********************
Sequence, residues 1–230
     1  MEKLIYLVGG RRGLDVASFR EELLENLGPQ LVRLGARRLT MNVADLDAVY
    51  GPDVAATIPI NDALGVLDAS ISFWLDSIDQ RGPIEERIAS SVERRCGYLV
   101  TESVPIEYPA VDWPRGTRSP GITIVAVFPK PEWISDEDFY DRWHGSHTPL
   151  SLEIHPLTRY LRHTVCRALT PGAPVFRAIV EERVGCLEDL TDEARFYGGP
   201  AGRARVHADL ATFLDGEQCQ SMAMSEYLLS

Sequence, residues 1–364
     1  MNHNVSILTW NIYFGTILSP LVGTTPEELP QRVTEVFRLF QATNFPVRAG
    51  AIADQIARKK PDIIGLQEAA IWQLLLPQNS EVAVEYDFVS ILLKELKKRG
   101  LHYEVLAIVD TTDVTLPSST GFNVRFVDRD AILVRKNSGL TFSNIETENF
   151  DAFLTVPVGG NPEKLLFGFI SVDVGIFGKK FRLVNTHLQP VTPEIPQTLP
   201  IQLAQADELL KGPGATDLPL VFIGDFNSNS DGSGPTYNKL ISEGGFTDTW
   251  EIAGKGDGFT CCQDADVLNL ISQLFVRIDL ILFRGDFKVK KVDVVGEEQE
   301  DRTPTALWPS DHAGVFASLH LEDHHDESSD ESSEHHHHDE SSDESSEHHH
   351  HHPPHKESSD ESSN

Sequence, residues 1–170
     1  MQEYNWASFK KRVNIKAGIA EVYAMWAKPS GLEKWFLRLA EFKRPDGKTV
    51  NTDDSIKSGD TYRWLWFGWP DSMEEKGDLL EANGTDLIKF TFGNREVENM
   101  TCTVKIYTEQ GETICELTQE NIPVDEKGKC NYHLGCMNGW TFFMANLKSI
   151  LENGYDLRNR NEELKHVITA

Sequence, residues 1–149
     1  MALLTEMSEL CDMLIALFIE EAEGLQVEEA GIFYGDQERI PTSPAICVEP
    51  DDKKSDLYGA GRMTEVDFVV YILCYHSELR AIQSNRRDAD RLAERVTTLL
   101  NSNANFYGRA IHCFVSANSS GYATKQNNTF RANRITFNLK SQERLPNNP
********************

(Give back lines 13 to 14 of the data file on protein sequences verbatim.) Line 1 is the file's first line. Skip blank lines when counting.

   251  EIAGKGDGFT CCQDADVLNL ISQLFVRIDL ILFRGDFKVK KVDVVGEEQE
   301  DRTPTALWPS DHAGVFASLH LEDHHDESSD ESSEHHHHDE SSDESSEHHH